Driving to work, the sun came out from behind the clouds.

Turning the corner, the hotel appeared in sight. 

Being in bad condition, I bought the book cheaply. 

So here’s the tech speak: an introductory participial phrase should give more information about (or modify) the subject of the main sentence. In the above cases, the subject of the main sentence is ‘mirror’, ‘sun’, ‘hotel’ and ‘I’ respectively. See the difficulty? The mirror isn’t sitting and sighing, presumably the sun wasn’t driving to work, the hotel didn’t turn the corner and, equally, I bought the book cheaply because it was in bad condition, not because I was. So the modifier is misplaced or dangling!

And the glitch in the matrix reference? Well, there is a scene in the film The Matrix where a cat climbs a stairs and the film glitches: it’s as if the cat imperceptibly rewinds itself and there is a moment of double-take or déjà vu. For me, dangling participles cause the same kind of problem in prose. Your reader may or may not be able to tell you the technical reason for the stumble or the double-take, but they will clock it on some level, and it could have a detrimental effect on their enjoyment of your writing, particularly if there is more than one or two in the manuscript. So, next time you lead with a participial phrase, please make sure there’s nothing dangling!

Even if you get it right, you should still spare a thought for the perils of overuse. Opening with a participial phrase can give a sentence fluidity and sense of energy, but check out the following:

Leaving his office, Johnny saw Simon was still working late. Stepping out into the street, he noticed the traffic was at a standstill. Raising his arm, he hailed a taxi cab. Riding in the taxi cab, Johnny noticed the taxi driver was actually a large seething mass of green alien plasma. Being alarmed, he shouted at the driver to stop. Being really annoyed by all the participial beginnings, the driver did not oblige. Hurtling through space in an alien spaceship, Johnny wished he’d been more careful with his sentence openings.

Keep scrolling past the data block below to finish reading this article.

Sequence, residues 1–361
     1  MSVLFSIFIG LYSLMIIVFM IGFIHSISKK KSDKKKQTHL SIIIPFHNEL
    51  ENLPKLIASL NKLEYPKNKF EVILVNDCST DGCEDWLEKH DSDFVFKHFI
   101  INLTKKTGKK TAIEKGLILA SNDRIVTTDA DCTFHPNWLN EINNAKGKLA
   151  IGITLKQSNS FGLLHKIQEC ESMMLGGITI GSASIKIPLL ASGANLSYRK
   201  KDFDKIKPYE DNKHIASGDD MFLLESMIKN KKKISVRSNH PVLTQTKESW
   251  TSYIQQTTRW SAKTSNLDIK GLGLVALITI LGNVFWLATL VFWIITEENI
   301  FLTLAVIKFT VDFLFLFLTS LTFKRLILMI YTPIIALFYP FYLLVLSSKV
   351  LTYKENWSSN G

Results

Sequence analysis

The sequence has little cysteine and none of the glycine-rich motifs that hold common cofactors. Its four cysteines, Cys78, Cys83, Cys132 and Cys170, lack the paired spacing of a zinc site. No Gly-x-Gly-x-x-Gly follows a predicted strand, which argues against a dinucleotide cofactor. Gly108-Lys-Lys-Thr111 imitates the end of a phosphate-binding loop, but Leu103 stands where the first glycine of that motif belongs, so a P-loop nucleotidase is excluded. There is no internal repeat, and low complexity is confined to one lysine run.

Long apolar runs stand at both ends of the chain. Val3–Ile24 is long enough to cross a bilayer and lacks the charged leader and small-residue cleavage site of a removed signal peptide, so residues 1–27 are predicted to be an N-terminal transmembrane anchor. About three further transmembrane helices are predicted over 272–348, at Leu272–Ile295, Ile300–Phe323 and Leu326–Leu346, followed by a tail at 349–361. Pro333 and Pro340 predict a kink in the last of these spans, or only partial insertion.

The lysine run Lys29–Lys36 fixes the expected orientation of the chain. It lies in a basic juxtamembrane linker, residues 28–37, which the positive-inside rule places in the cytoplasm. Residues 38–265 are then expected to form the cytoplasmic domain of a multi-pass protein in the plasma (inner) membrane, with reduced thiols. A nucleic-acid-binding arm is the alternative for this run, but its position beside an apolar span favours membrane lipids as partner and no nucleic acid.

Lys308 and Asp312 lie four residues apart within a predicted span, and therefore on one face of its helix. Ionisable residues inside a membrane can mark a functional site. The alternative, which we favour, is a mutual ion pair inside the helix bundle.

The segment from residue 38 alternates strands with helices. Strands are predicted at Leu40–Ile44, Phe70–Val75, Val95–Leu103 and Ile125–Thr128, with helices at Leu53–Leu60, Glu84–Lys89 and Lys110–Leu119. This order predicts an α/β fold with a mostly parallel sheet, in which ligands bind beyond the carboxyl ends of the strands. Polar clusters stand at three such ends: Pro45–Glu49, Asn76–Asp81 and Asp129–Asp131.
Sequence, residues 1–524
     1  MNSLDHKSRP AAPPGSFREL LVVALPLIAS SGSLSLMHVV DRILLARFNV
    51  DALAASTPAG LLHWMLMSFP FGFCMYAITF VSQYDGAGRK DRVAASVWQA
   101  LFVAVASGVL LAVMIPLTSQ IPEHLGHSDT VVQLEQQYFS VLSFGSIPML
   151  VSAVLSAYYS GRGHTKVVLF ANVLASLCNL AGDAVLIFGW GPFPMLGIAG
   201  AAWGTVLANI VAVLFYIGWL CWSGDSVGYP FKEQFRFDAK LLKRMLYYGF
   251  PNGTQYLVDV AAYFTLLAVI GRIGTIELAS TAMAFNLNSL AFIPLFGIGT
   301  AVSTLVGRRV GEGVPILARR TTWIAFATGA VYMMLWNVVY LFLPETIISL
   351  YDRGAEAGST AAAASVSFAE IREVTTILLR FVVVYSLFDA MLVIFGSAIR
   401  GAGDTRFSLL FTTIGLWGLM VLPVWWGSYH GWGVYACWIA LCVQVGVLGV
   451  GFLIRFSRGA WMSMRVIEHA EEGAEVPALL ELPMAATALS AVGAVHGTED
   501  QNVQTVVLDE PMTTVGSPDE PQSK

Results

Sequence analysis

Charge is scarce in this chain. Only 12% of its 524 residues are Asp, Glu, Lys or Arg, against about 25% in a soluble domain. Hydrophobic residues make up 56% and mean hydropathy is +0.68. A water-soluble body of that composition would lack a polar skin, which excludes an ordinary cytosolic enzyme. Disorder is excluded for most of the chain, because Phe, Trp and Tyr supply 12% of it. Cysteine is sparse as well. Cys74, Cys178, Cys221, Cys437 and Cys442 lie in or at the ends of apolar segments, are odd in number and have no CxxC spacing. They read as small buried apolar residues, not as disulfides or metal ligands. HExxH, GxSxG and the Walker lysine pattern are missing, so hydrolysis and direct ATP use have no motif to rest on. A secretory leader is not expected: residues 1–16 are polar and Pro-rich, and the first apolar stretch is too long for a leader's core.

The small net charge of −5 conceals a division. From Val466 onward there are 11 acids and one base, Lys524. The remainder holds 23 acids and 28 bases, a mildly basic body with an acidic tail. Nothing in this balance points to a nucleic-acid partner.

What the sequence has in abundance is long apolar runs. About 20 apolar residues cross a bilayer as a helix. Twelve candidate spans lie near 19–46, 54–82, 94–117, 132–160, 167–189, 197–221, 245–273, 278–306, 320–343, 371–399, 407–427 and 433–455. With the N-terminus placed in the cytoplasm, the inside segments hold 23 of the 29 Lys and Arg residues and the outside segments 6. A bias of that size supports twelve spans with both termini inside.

Yes, this cautionary tale of alien abduction is obviously an exaggeration of the problem, but it serves as a good illustration of the dangers of unintentional patterns in your prose which can ruin the effect of what you are actually trying to achieve.

Building a Character: What kind of animal am I?

No, I’m not going crazy. Figuring out what kind of animal your character might be is a basic acting exercise familiar to theatre actors, and it can be a useful character building tool for authors also. Basically, actors use ‘animal work’ to explore the essence of a character. The trick is to progress beyond the simple representation of roaring, mewing or squeaking, beyond even the clichés – ‘wily as a fox’, ‘quiet as a mouse’ or ‘greedy as a pig’ – to an internalization which will give a fully rounded and nuanced physicality recognizable (albeit often on a subconscious level) by an audience.

So using an animal reference can be a great way of getting a quick handle on a character, either in your own mind or in the mind of your reader.  Like a form of visual shorthand.

With his dull brown hair, large eyes and perpetually twitching nose, Mr Doulton resembled a rather dim-witted mouse, but Hannah soon found to her cost that his personality was pure ferret, and nasty, bad-tempered ferret at that.’

Two sides to every animal 

References to animals have powerful connotations and it is these connotations (for good or bad) that can be utilized by writers and actors alike.

Take the pig, for example.  Even when used positively, there is an underlying sense of uncontrolled appetite about them that can be exploited.

‘Hannah could barely hide her laughter. The fact was that Mr Blower had all the appearance of a rather jolly pig stuffed into an expensively-tailored suit.’ 

Of course, you don’t necessarily need the full animal – you can still work from the basic pig image, but highlight certain aspects with equally powerful effect.

Mr Blower was a short, rotund man with little, piggy eyes and ludicrously tiny feet.’ 

or

‘Mr Blower’s hair was coarse and blonde, bristling to a peak on top of his head. His nose was snub and the corners of his mouth turned upwards in a perpetual porcine grin.’

Obviously, you need to use animal references wisely and sparingly, otherwise your play or novel will begin to resemble some form of bizarre humanoid barnyard or an exotic zoo with an Orwellian theme. The whole point is, of course, to get the writer or actor’s imagination working beyond the obvious: to look for and think about physical nuances which not only set each character apart from the others, but also give an indication of what makes them tick.